Deal lowers proposed Avista hikes

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Comment deadline, hearing set for Avista's long-range plan

Though the need for new generation is expected, Avista’s Integrated Resource Plan (IRP) also indicates its current generation resources will remain cost effective and reliable through 2036.

Regulated utilities are required to file an updated IRP with the Idaho Public Utilities Commission every other year.

The IRP serves as a status report on a utility’s ongoing plans to serve customers at the lowest cost and least risk over the next two decades.

Acceptance of the plan by the commission does not mean the projects highlighted will be completed, but only that the utility has met its long-range planning requirements.

Avista’s 2017 IRP differs from its 2015 plan in several ways, including the anticipation of a slowdown in the annual growth rate, from .6 percent projected in the 2015 IRP to .47 percent; less reliance on natural gas-fired peaker plants; and a delay in the need for additional generation from 2020 until 2026.

Avista customers can testify regarding Avista’s IRP at a telephonic public hearing on Thursday at 7 p.m. To participate, call (888) 706-6468 and enter passcode 4435939# when prompted.

Written comments are also accepted through Dec. 15 at www.puc.idaho.gov. To do so, click on "Case Comment Form" under the "Electric" heading. Fill in the case number AVU-E-17-08 and enter your comments. Comments can also be mailed to P.O. Box 83720, Boise, ID 83720-0074 or faxed to (208) 334-3762.

Avista’s IRP and other documents related to this case are available on the web site. Click on "Open Cases" under the "Electric" heading and scroll down to the case number.

By BRIAN WALKER

Hagadone News Network

Avista and parties to the company's electric and natural gas general rate increase proposals have reached a proposed deal that reduces the hikes by about $2 per month for each of the next two years from what the utility proposed in June.

If the Idaho Public Utilities Commission approves the agreement, the rate increases would be:

• $5.22 per month (5.9 percent) for the average residential electric customer starting Jan. 1, 2018 and $2.16 per month (2.3 percent) starting Jan. 1, 2019; and

• $1.13 per month (2.1 percent) for the average residential natural gas customers starting Jan. 1, 2018, and $1.09 per month (2 percent) starting Jan. 1, 2019.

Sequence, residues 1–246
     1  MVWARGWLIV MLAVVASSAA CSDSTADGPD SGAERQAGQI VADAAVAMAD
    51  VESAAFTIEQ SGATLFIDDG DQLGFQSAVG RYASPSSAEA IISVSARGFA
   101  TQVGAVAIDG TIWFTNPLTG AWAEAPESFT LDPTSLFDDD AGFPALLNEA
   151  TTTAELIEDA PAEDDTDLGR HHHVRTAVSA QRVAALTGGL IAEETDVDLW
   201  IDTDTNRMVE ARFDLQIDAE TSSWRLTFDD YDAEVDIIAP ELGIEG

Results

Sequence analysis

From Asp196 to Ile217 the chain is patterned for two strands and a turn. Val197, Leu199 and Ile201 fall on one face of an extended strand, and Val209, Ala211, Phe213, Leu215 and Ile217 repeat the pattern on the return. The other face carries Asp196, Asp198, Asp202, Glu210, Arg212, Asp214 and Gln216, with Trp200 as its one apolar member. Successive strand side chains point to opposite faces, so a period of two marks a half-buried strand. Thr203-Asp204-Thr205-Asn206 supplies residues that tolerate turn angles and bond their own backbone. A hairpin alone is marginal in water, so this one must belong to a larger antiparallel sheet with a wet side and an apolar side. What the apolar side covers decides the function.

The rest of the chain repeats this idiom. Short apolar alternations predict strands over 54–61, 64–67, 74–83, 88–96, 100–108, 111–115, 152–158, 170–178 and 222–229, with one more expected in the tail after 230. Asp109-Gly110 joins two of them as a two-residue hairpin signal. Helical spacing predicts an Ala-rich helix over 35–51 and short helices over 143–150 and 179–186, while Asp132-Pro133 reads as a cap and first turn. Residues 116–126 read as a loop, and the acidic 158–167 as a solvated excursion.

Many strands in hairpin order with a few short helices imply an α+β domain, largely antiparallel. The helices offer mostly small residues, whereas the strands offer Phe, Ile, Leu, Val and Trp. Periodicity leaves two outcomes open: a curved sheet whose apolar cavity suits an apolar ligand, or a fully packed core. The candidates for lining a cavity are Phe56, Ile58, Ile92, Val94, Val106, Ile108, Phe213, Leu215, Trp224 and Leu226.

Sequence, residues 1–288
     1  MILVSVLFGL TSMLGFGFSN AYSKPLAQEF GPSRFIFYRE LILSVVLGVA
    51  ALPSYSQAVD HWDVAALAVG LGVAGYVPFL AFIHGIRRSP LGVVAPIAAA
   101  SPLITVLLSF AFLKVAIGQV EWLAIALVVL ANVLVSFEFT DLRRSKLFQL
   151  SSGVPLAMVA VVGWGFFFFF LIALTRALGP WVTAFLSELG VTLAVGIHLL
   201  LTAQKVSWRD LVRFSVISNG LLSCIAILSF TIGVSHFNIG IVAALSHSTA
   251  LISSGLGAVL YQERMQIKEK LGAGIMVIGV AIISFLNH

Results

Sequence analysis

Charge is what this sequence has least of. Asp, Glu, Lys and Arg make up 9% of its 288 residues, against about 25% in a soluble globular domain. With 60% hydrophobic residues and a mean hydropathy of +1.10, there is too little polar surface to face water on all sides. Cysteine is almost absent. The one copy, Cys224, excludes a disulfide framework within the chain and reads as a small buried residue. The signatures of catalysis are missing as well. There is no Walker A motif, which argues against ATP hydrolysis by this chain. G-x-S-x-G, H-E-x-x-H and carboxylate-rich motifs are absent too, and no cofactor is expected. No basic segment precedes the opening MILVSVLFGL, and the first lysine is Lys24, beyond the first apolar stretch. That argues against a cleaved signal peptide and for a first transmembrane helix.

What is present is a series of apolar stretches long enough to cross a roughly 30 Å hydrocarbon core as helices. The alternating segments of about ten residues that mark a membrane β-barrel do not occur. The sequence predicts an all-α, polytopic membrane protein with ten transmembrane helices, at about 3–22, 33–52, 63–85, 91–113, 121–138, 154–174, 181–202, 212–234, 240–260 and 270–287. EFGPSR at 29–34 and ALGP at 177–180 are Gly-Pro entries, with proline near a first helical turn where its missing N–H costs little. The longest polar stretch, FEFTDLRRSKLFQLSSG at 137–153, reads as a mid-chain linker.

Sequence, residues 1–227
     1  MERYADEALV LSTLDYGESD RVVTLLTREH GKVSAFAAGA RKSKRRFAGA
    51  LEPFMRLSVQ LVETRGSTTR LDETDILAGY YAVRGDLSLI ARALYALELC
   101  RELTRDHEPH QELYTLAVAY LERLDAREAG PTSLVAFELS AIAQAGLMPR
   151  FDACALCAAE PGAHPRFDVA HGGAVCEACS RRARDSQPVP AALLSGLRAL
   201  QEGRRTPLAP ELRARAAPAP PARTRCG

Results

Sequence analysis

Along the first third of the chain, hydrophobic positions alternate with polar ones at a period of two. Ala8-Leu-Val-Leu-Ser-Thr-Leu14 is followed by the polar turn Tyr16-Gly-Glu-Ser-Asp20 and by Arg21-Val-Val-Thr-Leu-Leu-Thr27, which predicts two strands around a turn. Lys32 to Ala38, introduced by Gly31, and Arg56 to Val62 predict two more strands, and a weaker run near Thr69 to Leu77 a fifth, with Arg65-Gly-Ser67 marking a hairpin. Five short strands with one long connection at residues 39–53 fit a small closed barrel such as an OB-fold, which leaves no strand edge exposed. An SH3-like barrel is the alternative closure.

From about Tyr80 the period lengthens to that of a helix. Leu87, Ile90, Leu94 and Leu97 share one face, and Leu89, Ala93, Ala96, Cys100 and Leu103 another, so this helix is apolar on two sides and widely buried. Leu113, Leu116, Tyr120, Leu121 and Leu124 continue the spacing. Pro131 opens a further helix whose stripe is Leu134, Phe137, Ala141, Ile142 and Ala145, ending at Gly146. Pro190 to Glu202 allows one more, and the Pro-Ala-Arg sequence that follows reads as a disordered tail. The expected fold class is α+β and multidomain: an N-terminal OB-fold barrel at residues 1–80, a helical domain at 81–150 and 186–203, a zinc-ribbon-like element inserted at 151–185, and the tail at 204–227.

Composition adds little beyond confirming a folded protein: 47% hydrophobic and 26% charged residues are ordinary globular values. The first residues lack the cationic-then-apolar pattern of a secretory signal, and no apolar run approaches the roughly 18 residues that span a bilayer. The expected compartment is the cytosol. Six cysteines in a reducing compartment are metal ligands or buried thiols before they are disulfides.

The IPUC will schedule a public hearing and comment period on the proposals, said Matt Evans, IPUC spokesman.

"The commission is expected to hold a public hearing on the case in late November in Coeur d’Alene," he said, adding that further details have not been approved.

The public comment period will end Dec. 8.

Avista officials said the proposed increases would help the company recover costs related to infrastructure, system maintenance, technology and power supply.

"This settlement agreement will provide new rates in Idaho that are fair and reasonable for our customers, the company and our shareholders," said Dennis Vermillion, Avista Corp. senior vice president and president of Avista Utilities.

"This outcome provides us the opportunity to continue to earn a fair return in Idaho and supports Avista’s efforts to invest in and maintain our infrastructure so we can continue to provide the reliable energy our customers expect. In addition, the two-year rate plan would create a stay-out period where Avista would not file a new general rate case for a new rate plan to be effective prior to Jan. 1, 2020, providing customers with some predictability in their expected future energy prices."

If approved, the settlement agreement is designed to increase annual billed electric revenues by $12.9 million (5.6 percent) effective Jan. 1, 2018, and by $4.5 million (2.3 percent) effective Jan. 1, 2019.

For natural gas, the settlement agreement is designed to increase annual billed revenues by $1.2 million (1.9 percent) effective Jan. 1, 2018, and by $1.1 million (1.8 percent) on Jan. 1, 2019.

A public comment period and workshop were held on the original increase proposals prior to the settlement agreement.

The company's infrastructure projects include the rehabilitation and maintenance of the Kettle Falls electric generating facility that provides electricity for Idaho and Washington customers. The $6.3 million project would rewind the 30-plus-year-old generator that is at the end of its expected life.

More than $25 million in substation rebuilds are planned in the next two years. Substations in Priest River and Kamiah are among those proposed to be rebuilt because they have reached the end of their useful lives.

Several transmission projects totaling $25 million over the next two years that are required to comply with federal standards are also planned, including the Coeur d'Alene to Pine Creek line.

Avista also plans to remove and replace natural gas lines that are more than 30 years old throughout its service territory.

The rate increase proposals are separate from and not related to the proposed acquisition of Avista by the Canadian firm Hydro One, Avista and IPUC officials said.

Avista serves about 125,000 electric and 75,000 natural gas customers in North Idaho.

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